In this thesis we access the prediction of extreme events observing precursory structures, which were identified using a maximum likelihood approach. The main goal of this thesis is to investigate the dependence of the quality of a prediction on the magnitude of the events under study. Until now, this dependence was only sporadically reported for different phenomena without being understood as a general feature of predictions. We propose the magnitude dependence as a property of a prediction, indicating, whether larger events can be better, harder or equally well predicted than smaller events. Furthermore we specify a condition which can characterize the magnitude dependence of a distinguished measure for the quality of a prediction, the Receiver Operator characteristic curve (ROC). This test condition allows to relate the magnitude dependence of ap rediction task to the joint PDF of events and precursory variables. If we are able to describe the numerical estimate of this joint PDF by an analytic expression, we can not only characterize the magnitude dependence of events observed so far, but infer the magnitude dependence of events, larger then the observed events. Having the test condition specified, we study the magnitude dependence for the prediction of increments and threshold crossings in sequences of random variables and short- and long-range correlated stochastic processes. In dependence of the distribution of the process under study we obtain different magnitude dependences for the prediction of increments in Gaussian, exponentially, symmetrized exponentially, power-law and symmetrized power-law distributed processes. For threshold crossings we obtain the same magnitude dependence for all distributions studied. Furthermore we study the dependence on the event magnitude for the prediction of increments and threshold crossings in velocity increments, measured in a free jet flow and in wind-speed measurements. Additionally we introduce a method of post-processing the output of ensemble weather forecast models in order to identify precursory behavior, which could indicate failures of weather forecasts. We then study not only the success of this method, but also the magnitude dependence.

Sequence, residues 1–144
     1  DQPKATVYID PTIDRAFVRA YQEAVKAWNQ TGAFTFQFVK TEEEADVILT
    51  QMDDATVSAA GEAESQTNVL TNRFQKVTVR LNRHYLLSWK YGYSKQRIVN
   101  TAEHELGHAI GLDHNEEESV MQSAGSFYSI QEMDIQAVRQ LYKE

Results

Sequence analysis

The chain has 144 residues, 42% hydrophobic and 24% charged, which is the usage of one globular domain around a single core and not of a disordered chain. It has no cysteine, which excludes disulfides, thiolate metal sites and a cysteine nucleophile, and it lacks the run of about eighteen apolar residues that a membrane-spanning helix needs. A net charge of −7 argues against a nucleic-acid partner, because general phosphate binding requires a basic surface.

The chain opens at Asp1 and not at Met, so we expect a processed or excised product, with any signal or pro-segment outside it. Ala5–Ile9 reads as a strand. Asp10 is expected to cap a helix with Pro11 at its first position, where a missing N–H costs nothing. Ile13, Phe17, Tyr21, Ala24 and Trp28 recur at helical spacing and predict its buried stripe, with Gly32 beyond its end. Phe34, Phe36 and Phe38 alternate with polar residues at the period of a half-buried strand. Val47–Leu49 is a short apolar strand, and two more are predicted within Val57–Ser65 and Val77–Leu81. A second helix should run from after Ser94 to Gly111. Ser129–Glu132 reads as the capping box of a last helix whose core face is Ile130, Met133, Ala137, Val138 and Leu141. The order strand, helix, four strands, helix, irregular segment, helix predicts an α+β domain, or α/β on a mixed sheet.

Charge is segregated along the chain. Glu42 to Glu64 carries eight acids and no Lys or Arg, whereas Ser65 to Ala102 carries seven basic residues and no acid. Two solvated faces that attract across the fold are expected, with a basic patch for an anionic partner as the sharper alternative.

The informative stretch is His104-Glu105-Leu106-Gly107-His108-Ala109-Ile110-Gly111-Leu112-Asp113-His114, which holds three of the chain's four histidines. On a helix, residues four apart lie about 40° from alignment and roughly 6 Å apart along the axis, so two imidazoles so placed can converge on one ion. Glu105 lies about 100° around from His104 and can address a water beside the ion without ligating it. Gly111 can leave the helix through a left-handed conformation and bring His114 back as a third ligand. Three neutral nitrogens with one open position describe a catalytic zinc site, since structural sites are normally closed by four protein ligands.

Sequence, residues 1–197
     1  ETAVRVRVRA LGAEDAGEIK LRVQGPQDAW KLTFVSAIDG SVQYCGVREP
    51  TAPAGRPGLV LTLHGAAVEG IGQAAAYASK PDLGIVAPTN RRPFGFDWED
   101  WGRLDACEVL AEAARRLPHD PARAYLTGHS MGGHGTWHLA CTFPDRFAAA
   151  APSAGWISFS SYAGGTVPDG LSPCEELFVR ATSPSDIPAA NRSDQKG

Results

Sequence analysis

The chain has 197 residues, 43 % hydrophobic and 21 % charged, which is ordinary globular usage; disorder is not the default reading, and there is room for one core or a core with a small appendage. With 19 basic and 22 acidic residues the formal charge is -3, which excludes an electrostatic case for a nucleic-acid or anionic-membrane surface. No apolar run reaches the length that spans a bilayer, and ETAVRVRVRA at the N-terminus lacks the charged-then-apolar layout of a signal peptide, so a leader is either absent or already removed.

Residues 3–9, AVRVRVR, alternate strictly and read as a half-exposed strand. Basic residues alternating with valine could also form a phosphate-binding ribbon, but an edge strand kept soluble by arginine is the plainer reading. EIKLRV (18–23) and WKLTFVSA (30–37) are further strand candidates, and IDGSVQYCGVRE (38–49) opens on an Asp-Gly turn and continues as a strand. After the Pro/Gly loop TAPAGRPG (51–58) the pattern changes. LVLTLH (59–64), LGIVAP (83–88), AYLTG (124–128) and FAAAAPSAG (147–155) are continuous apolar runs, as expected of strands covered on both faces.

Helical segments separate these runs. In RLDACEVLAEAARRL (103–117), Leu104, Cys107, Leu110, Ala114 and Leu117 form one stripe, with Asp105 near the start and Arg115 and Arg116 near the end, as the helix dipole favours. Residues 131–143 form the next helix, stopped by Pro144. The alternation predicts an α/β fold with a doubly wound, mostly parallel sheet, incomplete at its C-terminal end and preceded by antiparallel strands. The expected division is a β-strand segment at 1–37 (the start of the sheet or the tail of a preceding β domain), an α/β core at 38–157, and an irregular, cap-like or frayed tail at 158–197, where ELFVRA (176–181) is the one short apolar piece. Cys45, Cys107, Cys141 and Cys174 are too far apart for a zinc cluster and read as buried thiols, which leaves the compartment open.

keywords: extreme events, statistical inference, prediction via precursors, ROC curves, likelihood ratio, magnitude dependence